There’s no one-size-fits-all answer in the lease versus buy debate. What matters is that you weigh up the pros and cons for your situation. Here’s what you need to know.
If you have your heart set on owning a car, taking out a loan and steadily paying off the vehicle can be a sensible option. You have the freedom to choose whichever vehicle you like (within your budget), and even modify it to your tastes. You want the car tricked out with mag wheels and a purple pearl sheen Duco? No problem. That’s because you are the owner of the car.
At the end of the loan term, the car is yours unencumbered. However, with ownership comes responsibilities. That means all of the car’s maintenance costs will come straight out of your pocket.
Leasing offers quite a different proposition. Most notably, instead of you owning the vehicle, a finance company will. You’ll make regular lease payments, which in practical terms, may feel like loan repayments. However, at the end of the lease term you won’t own the car. Sure, you have the option to take possession, but this usually calls for you to make a lump sum “residual” payment at the end of the lease.
The presence of this residual is what encourages many lessees to simply hand the old car over and continue making lease payments on a new car. That’s fine if you don’t have a strong view about owning the vehicle outright. But it may mean continually making lease payments year after year.
The upside of leasing
Leasing does offer other benefits. As the finance company owns the car, it is often responsible for the maintenance of the vehicle – a cost that is typically factored into the lease payments. Through what is known as a “novated lease”, you may be able to have the lease payments included in your salary package. This can make the car’s running costs very tax-friendly. Do note though, your employer is under no obligation to go along with a novated lease.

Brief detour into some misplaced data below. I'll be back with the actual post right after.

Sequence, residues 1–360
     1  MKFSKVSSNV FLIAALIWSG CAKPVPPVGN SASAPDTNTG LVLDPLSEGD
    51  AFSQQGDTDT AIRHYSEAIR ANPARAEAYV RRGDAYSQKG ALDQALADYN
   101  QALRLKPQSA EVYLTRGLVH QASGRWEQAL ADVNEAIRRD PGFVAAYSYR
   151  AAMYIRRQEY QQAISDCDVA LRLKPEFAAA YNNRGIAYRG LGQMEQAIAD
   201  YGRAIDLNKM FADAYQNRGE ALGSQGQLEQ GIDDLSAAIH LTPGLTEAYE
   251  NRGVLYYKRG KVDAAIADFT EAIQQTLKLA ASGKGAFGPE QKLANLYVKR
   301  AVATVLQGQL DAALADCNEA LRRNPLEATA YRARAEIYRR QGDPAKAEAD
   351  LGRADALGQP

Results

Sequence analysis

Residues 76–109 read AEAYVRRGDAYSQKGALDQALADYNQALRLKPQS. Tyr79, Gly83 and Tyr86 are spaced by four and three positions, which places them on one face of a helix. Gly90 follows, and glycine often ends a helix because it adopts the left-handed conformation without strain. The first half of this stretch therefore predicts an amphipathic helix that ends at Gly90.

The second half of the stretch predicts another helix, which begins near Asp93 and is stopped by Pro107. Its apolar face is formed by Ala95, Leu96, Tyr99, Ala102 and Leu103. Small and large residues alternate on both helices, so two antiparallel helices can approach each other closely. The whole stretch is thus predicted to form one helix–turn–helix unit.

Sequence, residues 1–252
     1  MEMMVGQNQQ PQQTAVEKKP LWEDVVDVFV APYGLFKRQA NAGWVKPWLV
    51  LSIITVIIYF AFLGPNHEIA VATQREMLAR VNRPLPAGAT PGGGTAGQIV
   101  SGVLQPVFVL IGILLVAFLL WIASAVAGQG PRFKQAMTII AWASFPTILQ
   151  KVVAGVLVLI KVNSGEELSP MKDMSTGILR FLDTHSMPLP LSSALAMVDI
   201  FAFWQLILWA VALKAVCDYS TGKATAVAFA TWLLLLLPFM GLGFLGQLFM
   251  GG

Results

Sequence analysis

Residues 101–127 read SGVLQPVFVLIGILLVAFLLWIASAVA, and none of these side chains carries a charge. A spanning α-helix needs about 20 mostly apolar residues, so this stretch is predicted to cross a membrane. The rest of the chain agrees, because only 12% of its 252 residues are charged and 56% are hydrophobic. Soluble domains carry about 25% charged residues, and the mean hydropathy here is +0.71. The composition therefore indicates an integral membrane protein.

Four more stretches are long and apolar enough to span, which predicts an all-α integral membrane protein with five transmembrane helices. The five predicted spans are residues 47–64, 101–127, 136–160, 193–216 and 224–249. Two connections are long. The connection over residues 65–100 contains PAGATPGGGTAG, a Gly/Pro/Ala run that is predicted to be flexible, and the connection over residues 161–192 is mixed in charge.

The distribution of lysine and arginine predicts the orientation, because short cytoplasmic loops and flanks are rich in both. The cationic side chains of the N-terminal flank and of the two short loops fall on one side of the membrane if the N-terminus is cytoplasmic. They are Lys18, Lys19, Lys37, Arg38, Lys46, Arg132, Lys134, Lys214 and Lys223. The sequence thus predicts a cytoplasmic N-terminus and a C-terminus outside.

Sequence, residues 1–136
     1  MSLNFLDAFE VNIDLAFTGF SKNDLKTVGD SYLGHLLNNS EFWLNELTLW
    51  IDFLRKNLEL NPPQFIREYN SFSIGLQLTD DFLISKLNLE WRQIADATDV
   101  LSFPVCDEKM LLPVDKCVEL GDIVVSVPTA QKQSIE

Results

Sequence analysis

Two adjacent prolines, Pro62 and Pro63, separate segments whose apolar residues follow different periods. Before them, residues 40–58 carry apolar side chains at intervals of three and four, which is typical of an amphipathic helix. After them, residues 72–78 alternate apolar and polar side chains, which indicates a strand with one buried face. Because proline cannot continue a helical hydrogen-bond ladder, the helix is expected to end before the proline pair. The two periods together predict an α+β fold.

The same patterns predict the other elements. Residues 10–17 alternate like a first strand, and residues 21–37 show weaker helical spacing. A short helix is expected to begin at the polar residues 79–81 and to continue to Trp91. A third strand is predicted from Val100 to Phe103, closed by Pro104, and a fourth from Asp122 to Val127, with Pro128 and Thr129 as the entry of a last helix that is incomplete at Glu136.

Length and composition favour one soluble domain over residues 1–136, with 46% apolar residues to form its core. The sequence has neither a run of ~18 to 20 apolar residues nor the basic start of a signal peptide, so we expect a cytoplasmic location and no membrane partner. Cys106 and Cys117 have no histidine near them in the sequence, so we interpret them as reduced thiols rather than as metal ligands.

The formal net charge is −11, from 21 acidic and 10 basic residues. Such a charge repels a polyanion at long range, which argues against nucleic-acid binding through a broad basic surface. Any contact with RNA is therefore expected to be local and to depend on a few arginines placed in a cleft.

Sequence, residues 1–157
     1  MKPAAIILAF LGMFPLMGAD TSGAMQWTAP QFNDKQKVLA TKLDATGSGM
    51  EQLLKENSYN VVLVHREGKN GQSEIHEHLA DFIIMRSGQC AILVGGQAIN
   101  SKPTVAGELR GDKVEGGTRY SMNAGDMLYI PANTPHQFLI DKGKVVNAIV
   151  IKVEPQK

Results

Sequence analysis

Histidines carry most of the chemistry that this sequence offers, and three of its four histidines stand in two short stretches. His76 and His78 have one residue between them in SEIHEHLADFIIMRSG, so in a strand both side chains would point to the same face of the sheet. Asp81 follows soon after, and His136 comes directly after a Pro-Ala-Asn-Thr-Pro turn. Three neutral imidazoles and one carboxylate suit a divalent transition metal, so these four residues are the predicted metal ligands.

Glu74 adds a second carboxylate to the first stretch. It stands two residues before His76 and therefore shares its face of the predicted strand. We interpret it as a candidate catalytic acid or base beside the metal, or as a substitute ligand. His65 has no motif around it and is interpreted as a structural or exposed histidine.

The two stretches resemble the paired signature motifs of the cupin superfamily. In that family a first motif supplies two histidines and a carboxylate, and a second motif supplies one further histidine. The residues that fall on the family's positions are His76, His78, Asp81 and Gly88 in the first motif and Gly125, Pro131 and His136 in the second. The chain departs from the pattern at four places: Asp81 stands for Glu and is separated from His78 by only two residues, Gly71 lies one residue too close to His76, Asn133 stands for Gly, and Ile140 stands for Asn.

When it comes to freedom and flexibility, leases can be more restrictive than buying a car outright. Those mag wheels and pearl sheen Duco are likely to be out of the question. Instead, the lease company may offer a limited selection of vehicles to choose from. Your annual kilometres may be capped, and unless you can include the lease as part of your salary package or in the running of your own business, you may find it hard to secure lease finance altogether.
A key point is that, like car loans, leases come in all shapes and sizes with varying conditions and costs.
Speak with your Mortgage Choice broker, who can explain the car finance option most appropriate for your needs – and track down the deal that’s right for you.